So, can you use standard detergent in your HE machine? I must advise you that your owner manual is not likely to support such an idea, potentially putting your warranty at risk. That being said, I will admit that I did use standard detergent from time to time in my LG top-loader that required HE detergent. But I used MUCH less per load because it uses so much less water.

Too much detergent will clog up the machine because the amount of water it uses is not sufficient to rinse it out. That build up can cause the machine to malfunction and to eventually create an offensive odor.

When I say “less” I mean a lot less. Like one-fourth the amount you might  normally use. I measured it in tablespoons, not capfuls. And I diluted it in a large container of water before pouring it into the machine.

Would I do that again? Yes, but not on a regular basis. I want you and all of my readers to know that to do so would be, according to the manufacturer’s guidelines, taking a potential risk should the machine require service under its warranty.

Given the potential harm you could do to your machine, you might want to consider re-gifting the detergent to friends, family or a shelter in your area that uses traditional washers. Then make a big batch of my new and improved liquid homemade HE detergent (read on to learn more about that). That way others win and you win, too. Hope that helps. And thanks for loving EC.

Dear Mary: I made up the laundry soap recipe that you published back in 2012. It seems like there is way too much Fels-Naptha soap for the recipe. I bought a similar jar of laundry soap mixture at the local Farmer’s Market and the vender did not have nearly as much soap in it. It did quite well in my HE washer. I just want to make sure there wasn’t a misprint in your article.

I look forward to your articles each time they are in my local newspaper. Thank you for your diligence and pithy advice. Cheryle

Dear Cheryle: The recipe for powdered laundry detergent you refer to (1 cup grated Fels-Naptha soap, 1/2 cup Arm and Hammer Super Washing Soda and 1/2 cup 20 Mule Team Borax) is correct. It may seem like a lot of Fels-Naptha but keep in mind, you use only 2 tablespoons of the final product per washer load.

This recipe is suitable to be used in any clothes washer including those designated “high efficiency” or HE, as this detergent does not create suds. You would want to use a bit more in a standard washing machine, however.

Since that column ran more than three years ago, I’ve discovered what I believe is a much improved  recipe for homemade liquid laundry detergent; one that does not require Fels-Naptha soap (somewhat difficult to find these days plus all that grating!) and is also HE compliant. I find it performs better, too.

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Every Home’s Most Overlooked (Free!) Heating and Cooling Devices

Who doesn’t love learning about a money-saving tactic or investment that result in a net savings of thousands of dollars a year? I sure do! And I can count on maybe two fingers how many of those I’ve managed to deploy in my home in the past decade.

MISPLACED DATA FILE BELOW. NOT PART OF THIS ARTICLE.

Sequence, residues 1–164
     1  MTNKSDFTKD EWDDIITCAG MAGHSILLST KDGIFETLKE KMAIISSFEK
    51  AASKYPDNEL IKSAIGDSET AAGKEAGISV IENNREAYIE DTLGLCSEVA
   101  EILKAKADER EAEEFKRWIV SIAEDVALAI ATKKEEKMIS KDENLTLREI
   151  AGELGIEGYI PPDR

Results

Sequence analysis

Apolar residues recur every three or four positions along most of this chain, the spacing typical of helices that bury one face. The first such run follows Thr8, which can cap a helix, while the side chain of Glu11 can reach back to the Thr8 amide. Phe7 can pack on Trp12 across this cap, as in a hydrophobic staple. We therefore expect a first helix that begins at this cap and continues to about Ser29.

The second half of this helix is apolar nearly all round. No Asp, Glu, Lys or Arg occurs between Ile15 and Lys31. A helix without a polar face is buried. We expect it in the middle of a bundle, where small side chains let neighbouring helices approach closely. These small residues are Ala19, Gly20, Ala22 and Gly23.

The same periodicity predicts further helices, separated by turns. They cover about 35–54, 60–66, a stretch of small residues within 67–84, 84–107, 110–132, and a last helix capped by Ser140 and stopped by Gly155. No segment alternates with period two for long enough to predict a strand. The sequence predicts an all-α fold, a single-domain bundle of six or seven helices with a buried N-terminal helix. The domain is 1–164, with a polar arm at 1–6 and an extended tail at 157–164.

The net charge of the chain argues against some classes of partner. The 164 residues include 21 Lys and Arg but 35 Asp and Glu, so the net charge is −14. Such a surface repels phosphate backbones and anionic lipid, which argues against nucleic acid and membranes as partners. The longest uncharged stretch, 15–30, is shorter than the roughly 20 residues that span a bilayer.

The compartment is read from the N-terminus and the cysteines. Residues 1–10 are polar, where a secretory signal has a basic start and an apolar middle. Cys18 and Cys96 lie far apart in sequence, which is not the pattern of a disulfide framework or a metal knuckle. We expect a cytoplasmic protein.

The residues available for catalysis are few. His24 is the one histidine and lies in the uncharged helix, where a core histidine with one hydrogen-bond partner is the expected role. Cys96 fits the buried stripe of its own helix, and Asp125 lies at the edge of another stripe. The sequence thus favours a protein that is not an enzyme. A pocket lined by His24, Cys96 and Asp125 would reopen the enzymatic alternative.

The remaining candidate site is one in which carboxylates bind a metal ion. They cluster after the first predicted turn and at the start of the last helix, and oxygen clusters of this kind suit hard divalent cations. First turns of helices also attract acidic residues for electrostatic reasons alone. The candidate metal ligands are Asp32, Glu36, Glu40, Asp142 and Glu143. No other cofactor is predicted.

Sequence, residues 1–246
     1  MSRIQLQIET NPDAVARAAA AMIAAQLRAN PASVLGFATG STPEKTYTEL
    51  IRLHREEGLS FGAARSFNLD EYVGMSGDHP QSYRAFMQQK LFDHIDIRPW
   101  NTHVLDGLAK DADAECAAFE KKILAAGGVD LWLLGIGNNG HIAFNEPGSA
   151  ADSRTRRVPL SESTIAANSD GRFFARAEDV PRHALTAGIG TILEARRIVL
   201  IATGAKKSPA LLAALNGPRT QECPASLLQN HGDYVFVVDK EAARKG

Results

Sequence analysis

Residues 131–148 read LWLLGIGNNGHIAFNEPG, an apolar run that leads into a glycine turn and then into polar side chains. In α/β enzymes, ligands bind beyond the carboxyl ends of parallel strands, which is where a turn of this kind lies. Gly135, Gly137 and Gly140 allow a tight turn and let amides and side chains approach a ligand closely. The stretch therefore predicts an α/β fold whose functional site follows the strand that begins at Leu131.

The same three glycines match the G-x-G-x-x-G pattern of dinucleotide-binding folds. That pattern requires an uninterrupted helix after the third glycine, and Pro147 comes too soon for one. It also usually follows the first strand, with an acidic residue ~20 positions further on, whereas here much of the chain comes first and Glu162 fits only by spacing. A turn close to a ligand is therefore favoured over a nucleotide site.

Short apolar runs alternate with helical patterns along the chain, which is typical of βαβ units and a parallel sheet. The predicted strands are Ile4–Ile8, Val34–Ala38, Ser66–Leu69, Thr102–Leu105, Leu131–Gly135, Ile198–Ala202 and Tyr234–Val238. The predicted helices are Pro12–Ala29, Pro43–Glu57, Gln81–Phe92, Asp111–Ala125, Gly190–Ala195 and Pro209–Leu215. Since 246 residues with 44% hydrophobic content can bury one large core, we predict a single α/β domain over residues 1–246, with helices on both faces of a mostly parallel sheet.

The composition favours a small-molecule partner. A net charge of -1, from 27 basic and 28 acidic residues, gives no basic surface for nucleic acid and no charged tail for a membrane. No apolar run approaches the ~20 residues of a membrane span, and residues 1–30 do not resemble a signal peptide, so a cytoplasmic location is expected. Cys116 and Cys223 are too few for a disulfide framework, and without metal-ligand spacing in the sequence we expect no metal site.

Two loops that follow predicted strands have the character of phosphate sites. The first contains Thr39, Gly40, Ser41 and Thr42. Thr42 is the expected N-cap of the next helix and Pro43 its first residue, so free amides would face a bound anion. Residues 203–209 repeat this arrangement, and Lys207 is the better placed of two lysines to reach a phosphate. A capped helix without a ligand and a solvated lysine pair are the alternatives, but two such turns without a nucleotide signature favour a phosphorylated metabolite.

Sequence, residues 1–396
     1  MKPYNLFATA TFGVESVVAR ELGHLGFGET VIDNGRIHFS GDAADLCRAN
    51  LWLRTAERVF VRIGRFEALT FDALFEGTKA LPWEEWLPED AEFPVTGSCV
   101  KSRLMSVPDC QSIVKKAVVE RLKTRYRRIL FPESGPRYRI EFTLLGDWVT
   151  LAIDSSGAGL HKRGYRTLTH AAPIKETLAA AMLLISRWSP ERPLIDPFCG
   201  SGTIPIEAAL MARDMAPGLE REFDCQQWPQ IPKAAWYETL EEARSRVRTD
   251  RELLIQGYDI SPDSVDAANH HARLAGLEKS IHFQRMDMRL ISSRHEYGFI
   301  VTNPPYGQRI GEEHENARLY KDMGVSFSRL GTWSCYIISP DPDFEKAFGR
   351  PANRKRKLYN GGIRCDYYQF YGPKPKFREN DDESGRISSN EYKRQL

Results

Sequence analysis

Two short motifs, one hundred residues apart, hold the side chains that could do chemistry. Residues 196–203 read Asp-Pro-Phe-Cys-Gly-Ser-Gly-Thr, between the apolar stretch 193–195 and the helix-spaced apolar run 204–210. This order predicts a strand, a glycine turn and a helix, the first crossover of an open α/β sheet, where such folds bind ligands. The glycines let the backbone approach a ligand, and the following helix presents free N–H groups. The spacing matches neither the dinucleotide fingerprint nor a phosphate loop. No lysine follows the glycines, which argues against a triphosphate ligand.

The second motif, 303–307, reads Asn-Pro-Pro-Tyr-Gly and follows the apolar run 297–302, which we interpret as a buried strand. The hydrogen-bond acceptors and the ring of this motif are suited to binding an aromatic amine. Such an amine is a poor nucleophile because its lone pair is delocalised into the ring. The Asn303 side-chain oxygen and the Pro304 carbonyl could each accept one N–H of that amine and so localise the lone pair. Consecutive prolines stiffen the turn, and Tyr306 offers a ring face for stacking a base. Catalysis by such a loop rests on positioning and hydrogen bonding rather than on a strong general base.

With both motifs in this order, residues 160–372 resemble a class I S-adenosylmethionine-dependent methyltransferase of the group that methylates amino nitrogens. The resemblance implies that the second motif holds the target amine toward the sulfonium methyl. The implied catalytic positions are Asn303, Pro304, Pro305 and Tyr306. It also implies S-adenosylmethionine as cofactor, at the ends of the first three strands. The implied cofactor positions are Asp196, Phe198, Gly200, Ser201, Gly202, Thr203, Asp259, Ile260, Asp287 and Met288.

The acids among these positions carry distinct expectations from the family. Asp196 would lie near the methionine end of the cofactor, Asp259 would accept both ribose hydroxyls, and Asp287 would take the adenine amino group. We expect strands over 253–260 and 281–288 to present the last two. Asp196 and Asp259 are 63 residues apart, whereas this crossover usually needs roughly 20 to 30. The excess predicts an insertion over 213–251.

Room with curtains billowing at open window

It’s easy to think that the tiny things we can do to save money just aren’t worth the time and trouble. But they are because of the cumulative effect. Small things repeated often bring huge results. I call them little ways to save big.

OPEN OR CLOSE YOUR WINDOWS. Your house or apartment is full of free heating and cooling devices. They’re called windows. Using your windows for more than letting in light is a great way to save some serious scratch. If you live where it’s cool at night and warm during the day open your windows at night to let the cool air in and close them in the morning to keep the warm air out.

Use your curtains and blinds to block out the sun and keep daytime cooling costs down. Of course, if you live in a colder climate throwing your curtains and blinds open when the sun is shining can easily raise the interior temperature of your house a few degrees.

UNPLUG IT. Time it, sensor it, put it to sleep and smart power strip it. One way or another, drive a stake into the heart of phantom power drains. You could enjoy a decent dinner and movie for you and someone special once a year (including a generous tip) with money saved by unplugging unused devices.

Improve Your Life: Join a Group

Every night my friend Mary Ann does the unthinkable. She sets her alarm for 4:30 a.m. because every morning she gets up and walks three miles while the rest of the world sleeps.

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photo credit: Nebraska Medicine

How has Mary Ann managed to stick with this early morning fitness routine for so many years years? Simple. She knows that someone is waiting for her. Two people have made a commitment to one another to show up.

The secret of Mary Ann’s success is that she chooses to be accountable, not only to herself but to another person who shares her desire to become physically fit.

And how is this working out? Extremely well, she reports. The faster she and her buddy walk the louder they talk. And laugh. They even argue from time to time. They share their lives and brainstorm their dreams. They get so involved they don’t notice the miles clicking away. The deep friendship that has resulted from this daily event not only makes the task possible, it makes it enjoyable.

Rick Warren, pastor of Saddleback Church, Lake Forest, Calif., says the way to get involved in the behemoth-sized church is to get plugged-in to a small group made up of people whose life situations match their own.

Holiday Head Start

During these lazy days of summer I can imagine that Christmas is the farther thing from your mind! And why not? With thoughts of vacation, finding ways to keep cool and big family get-togethers filling these summer days, the sounds of jingle bells and carolers out in the snow are like ancient history.

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I want to break this to you gently, but Christmas decor will be appearing in a store near you in only a matter of weeks—if you haven’t seen hints of that already. Devoting only a few minutes each day to getting started early with your Christmas plans will come back to bless you in money saved. And you’ll have beaten a lot of stress, too, come December.

Here are some quick and easy ways to get started now!

CRASH SAVE. Once each week put $10—or an amount you find appropriate—into an envelope for a service person you will remember with a tip during the holidays. Label and seal. Then make a note in your calendar so you don’t forget where you put it.

GROUP CRAFTING. Spend an evening with three or four friends making holiday decorations. Each brings an idea plus all the materials and supplies. By the end of a very fun evening everyone goes home with three or four new items.